It's clearly not the first time I stumbled over the assumption that the mainly heteronormative depiction of gaming characters causes "severe disconnections between player and avatar if the player identifies as a minority".1
So maybe this seems "logical" at first, but the weird thing is that I can not really relate to that. The character might be male and hetero – as long as he looks good, I don't have a problem with that. After all, most of the cultural products I consume now (and consumed in my childhood – books, films, plays) usually feature heterosexual couples. The world would look pretty bare if I set aside every medium that does not involve (exclusively) a minority.
So, instead of keeping the question "How does a girl gamer feel while playing as Mario, a stereotyped Italian male plumber in Mario Sunshine? How does a gay gamer feel while playing as Jack and being forced to marry a girl or live alone forever in Harvest Moon?" purely rhetoric, it might be time to ask people exactly that. Do they feel disconnected? Can't they play a game because the main character isn't gay, or female, or black? Or do they accept those figures as stand-ins, purely metaphoric representations to deal with the game mechanic, just as a board game token? As parts of a story, where the characters just happen to be male and straight?
Robert Yang stumbled over a quote by Jim Sterling recently:
Jim Sterling: "Arcade Gannon’s sexuality isn’t a big deal, and that’s how videogames should play it."
... and it made him not exactly happy:
The argument that [all] gay video game characters should downplay their sexuality might be well intentioned, but is ultimately representative of the most dangerous kind of homophobia -- a homophobia wrapped in intellectualism, appearing "tolerant."
True, sexuality isn't the only thing that defines a person -- but for the vast majority of LGBT people, I would argue that it's a crucial part of personal identity. To insist that effeminate gay men are "camping it up" and should just "be normal" is homophobia. [...]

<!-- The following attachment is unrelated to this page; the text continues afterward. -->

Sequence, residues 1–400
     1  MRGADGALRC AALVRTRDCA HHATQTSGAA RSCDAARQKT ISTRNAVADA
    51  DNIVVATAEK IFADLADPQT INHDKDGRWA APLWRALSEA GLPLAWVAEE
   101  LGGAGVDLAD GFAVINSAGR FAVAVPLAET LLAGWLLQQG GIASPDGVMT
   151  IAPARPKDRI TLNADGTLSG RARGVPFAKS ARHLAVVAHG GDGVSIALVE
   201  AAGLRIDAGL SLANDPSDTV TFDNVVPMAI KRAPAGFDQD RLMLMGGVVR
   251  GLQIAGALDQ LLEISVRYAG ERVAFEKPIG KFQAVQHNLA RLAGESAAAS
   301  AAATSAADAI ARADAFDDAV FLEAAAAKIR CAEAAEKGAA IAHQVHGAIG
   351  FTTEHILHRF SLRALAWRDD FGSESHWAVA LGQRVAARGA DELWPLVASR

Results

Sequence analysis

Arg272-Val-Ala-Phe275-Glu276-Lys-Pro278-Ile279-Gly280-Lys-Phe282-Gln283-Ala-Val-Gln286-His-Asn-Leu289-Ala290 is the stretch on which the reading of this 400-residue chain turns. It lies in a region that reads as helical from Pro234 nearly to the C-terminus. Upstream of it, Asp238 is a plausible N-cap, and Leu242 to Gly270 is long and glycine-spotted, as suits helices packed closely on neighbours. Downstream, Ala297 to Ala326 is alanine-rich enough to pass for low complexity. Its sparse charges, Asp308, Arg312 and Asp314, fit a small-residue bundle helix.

Sterling is proposing selective blindness and a glass closet for ALL gay characters in ALL games as a model to emulate. Yeah, stay invisible and don't make a fuss! That always works.
I must admit, that I'm pretty fed up by the mostly campy portrayals of gays in games (when they make they final cut, that is), so I would tend to go with Jim Sterling's advice when designing games myself right now, but yes:
For every silent shoegazer hipster gay who "you'd never think", we also need a muscle queen dancing in a peacock speedo on top of a Ferrari. Because they're gay too.
Go read the whole article, because it provides a balanced view on an important debate.
And it should be an issue.
Or: How Much Are We Letting Reality Getting Into the Way When Designing Games?
Yes, by now Robert Yang's article about the gay plot in Dragon Age has made the rounds elsewhere, but I think the issue is important enough to warrant publishing it here as well.
So, Robert Yang mods Dragon Age so his male character can play out the romance plot with another male character, Alistair – something, which only can be done by modding the game, even though the dialogue is surprisingly gender neutral. All is perfect, until ...
It's the age-old stereotype of the annoyed husband and the nagging wife, except the therapist clearly doesn't say "wife" or "husband." She says "partner." Other than the use of masculine pronouns for both spouses, the therapist's utterance of "partner" is the only word in the only line of dialogue in the entire game that directly suggests a gay relationship. There are no references to rainbows, Stonewall, Lady Gaga, Project Runway, Broadway musicals or how "beer tastes icky." Why, if you had happened to miss the word "partner," you may have missed the fact that "Handle With Care" is about a gay relationship at all.
You might have, as some players did, invented a female persona for your player character and assumed it was the same young "lady" dating Dylan from my previous mod, "Polaris." And then you would find out, whether from seeing the name "James" so often or from reading forum posts - that I had managed to "trick" you into playing as a homosexual male. Perhaps that made you angry enough to go to my website and, with the proud honor of being the first to post a comment on my work, you may have hastily written the following post: "Re relese [sic] the game without the GAY!"
My response, then and still now, is: "Why on Earth would I do that?"
Maybe because of the fact that there are almost no gay characters in the gaming worlds as a whole?